What happens if you live in Cuba and your bike breaks down? It's not like you can hop on the Internet and get two day shipping for a new bike. In fact, it's pretty much impossible to score new bike parts. What you have to do is find a guy who knows another guy who might have some parts of the part you need.
It's fascinating to see how the people of Cuba has dealt with and adapted to the limitations of their country. Diego Vivanco captured the reality of Cuba in a short for Kauri Multimedia called Havana Bikes. He writes:
Cuba underwent a bicycle revolution in the 1990s during its five year 'Special Period'. Oil was scarce as a result of tough economic constraints, and throughout those years of austerity, bicycles where introduced as an alternative mode of transport. Thousands of Cubans used bicycles on a regular basis, as pedalling became the norm on the island.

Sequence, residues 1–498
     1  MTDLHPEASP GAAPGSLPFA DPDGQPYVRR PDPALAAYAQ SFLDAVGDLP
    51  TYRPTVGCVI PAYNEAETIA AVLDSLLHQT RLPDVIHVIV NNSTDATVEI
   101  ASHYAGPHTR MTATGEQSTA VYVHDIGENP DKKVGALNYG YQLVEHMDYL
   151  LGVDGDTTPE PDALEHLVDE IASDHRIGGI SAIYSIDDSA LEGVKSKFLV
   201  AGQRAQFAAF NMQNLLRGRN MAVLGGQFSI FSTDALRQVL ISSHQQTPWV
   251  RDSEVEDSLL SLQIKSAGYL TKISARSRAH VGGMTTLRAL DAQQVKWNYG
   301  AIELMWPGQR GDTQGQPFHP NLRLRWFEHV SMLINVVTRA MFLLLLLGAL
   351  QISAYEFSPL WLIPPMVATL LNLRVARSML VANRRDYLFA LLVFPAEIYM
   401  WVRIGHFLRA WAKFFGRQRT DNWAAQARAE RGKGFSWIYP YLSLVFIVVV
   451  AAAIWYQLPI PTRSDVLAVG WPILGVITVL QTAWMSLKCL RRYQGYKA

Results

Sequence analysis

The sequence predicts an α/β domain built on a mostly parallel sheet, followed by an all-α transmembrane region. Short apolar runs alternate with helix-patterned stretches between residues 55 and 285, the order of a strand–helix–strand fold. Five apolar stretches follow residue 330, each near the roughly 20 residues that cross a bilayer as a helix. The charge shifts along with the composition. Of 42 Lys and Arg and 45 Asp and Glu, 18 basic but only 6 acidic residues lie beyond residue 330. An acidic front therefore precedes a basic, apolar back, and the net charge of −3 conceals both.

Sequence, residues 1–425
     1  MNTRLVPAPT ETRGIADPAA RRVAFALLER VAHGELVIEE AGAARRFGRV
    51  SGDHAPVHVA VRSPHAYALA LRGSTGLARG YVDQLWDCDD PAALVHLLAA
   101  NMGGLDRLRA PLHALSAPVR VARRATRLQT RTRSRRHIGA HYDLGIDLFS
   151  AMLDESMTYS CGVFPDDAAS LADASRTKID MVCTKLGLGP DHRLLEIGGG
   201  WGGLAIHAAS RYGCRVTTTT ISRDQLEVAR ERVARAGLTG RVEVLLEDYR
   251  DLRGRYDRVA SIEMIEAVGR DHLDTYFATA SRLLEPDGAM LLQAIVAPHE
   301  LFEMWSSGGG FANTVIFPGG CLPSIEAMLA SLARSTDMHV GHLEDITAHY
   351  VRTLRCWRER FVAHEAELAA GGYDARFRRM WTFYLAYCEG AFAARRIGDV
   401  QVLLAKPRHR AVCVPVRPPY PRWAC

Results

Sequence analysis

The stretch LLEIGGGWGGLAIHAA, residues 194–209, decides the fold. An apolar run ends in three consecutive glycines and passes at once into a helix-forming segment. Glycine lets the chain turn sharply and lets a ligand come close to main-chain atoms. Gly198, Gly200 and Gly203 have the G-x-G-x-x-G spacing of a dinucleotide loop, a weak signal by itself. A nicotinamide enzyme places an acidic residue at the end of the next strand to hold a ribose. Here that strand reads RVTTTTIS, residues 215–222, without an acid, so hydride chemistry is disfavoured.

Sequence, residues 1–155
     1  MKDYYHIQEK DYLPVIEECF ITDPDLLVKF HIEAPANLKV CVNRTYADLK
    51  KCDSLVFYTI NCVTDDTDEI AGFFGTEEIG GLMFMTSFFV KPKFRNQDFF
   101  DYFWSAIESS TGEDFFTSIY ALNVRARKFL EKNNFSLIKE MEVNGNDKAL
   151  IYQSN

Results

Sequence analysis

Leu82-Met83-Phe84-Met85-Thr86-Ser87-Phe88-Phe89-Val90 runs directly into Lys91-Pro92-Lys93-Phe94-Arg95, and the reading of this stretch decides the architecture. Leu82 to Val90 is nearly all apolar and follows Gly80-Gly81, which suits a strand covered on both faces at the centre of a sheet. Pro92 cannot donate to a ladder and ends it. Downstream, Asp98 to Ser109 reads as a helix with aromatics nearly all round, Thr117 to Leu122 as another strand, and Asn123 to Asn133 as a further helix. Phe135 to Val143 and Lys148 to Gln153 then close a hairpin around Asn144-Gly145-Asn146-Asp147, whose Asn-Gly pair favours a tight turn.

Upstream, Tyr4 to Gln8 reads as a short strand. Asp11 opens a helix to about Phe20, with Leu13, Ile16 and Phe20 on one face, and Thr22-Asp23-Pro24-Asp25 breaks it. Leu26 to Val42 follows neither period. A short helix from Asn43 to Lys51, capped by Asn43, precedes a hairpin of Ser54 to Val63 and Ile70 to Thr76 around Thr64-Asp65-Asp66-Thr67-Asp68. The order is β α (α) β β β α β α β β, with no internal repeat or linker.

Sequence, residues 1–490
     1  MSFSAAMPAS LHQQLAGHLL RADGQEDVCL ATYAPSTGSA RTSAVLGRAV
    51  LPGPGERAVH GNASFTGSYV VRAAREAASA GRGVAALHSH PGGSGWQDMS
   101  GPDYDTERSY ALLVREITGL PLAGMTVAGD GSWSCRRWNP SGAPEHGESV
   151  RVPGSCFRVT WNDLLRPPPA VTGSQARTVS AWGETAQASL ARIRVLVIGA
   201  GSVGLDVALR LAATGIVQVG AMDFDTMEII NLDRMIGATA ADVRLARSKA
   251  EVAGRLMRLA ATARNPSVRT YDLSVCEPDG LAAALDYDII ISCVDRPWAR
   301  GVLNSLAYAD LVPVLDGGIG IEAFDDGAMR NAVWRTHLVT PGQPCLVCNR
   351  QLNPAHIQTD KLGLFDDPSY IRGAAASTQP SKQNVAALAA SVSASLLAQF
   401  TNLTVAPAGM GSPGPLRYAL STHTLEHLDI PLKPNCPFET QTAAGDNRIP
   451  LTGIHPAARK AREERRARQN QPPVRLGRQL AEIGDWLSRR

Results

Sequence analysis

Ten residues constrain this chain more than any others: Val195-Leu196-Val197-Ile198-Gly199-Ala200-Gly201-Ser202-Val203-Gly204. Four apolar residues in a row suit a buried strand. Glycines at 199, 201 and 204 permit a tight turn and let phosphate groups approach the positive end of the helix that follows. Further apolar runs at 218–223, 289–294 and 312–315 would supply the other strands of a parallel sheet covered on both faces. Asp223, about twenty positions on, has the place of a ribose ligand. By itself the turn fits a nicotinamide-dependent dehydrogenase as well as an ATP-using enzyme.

Years later, the transportation crisis subsided and motorised vehicles returned, and the country's bicycle culture took a hit. Now, new bikes are difficult to come by and parts are not readily available, yet many Cubans still use bicycles daily and, despite the limited resources, a handful of mechanics provide a service to those who rely on their bikes in their everyday lives.
It's a good reminder to use everything we can. Read more about the people featured in the short film here.